Innovation, investments needed to work with Bank of Canada on growth, Wilkins says


Breaking down inter-provincial trade barriers and reforming tax and regulatory systems will keep the country’s economy humming into the future, the Bank of Canada’s second-in-command says.

The bank’s monetary policy tool kit can only take the economy so far, senior deputy governor Carolyn Wilkins said in Toronto on Wednesday during a speech that outlined the need for economic innovation and investments from a range of actors.

Wilkins pointed to the current era of low neutral interest rates – the level where monetary policy neither stimulates nor holds back the economy – as leaving central banks with less flexibility to stimulate growth through rate cuts.

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Citing a federal advisory panel, she said investing in digital infrastructure, optimizing the tax and regulatory environment, and getting government and business to tag-team on education and skills training spending would make Canada more productive and more competitive abroad.

Wilkins said policies like these could “restore some lost manoeuvrability for monetary policy” and keep the global economy on a more even keel if other countries could pursue a similar agenda.

Her speech came as the central bank considers how it can complement federal policies as it sets to renew its inflation-target framework next year with the federal government.

Officials at the central bank are also assessing different frameworks to see how effectively they create a stable environment for prices, growth and jobs.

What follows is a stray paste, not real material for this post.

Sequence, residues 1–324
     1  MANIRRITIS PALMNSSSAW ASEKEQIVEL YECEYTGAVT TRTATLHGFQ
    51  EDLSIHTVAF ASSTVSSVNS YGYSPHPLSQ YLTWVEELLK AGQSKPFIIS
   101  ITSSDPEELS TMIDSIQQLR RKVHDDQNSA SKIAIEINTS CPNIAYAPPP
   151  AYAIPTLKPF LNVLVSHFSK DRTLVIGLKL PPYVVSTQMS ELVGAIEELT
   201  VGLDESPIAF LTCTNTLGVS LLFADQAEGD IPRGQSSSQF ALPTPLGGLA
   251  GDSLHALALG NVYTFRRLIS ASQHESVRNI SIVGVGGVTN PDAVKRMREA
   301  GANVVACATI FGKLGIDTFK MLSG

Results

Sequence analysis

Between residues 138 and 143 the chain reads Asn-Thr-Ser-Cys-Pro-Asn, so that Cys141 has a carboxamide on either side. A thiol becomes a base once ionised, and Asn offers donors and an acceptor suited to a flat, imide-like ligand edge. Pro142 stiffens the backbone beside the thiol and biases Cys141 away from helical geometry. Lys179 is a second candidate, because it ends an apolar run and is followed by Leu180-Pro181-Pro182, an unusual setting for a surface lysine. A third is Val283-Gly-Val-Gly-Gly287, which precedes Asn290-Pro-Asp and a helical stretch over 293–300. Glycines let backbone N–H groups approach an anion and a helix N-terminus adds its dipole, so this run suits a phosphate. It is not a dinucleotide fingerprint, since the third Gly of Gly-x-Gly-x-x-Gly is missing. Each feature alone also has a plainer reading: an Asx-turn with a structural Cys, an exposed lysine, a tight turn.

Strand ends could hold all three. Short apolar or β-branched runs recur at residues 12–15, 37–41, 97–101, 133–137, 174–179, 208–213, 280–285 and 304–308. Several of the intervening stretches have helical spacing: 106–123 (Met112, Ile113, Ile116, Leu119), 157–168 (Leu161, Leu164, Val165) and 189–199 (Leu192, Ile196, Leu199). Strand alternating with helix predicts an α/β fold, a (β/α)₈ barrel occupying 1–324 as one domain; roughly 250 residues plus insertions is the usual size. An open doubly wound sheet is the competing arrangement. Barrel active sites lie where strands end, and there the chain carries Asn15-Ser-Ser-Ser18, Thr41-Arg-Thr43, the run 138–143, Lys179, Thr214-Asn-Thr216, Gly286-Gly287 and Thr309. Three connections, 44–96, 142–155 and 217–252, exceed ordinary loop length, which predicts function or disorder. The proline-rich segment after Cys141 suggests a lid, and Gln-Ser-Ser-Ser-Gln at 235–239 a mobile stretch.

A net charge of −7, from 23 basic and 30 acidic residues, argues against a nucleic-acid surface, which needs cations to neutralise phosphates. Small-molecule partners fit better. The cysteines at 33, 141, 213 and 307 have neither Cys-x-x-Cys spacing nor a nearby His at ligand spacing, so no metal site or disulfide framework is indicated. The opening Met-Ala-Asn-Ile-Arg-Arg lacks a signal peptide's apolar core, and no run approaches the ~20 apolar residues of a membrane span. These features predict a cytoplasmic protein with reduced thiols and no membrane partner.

An online consultation will launch in the spring, with reports later this year on what the bank hears from its international counterparts, domestic experts, as well as labour and civil groups.

“The right monetary policy framework and tool kit are foundational to economic well-being because they help create a stable environment for businesses and households to plan,” said Wilkins, according to a prepared text of the speech released in Ottawa.

“Monetary policy can only take us so far, though. It won’t raise trend growth in incomes and it won’t raise (neutral rates) either. Canada and other advanced economies will need to do more to support prosperity and avoid suffering from chronically slow growth and weak demand in the future.”

Last month, the central bank held its trend-setting interest rate at 1.75 per cent, but hinted a rate cut could be in order in April if the economic outlook sours.

While the central bank expects the economy to expand by 1.6 per cent this year, there remains what Wilkins described as a troubling political and social backdrop: a trade war between the world’s top two economies, the United States and China, tensions in the Middle East and the novel coronavirus.

At home, Canada’s aging population will also continue to act as a drag on growth, offset somewhat by rising immigration levels.

“It will take decisive, ambitious policies at home and abroad,” Wilkins said.

“Yet the payoff is clear: We’ll be more resilient to the next downturn, and we’ll secure long-term opportunity and prosperity for people in Canada and around the world.”

The central bank will also revise its estimate of the neutral rate in its April monetary policy report. The estimated range at the moment is between 2.25 and 3.25 per cent – a drop from between 4.5 and 5.5 per cent in the years before the financial crisis of 2009.

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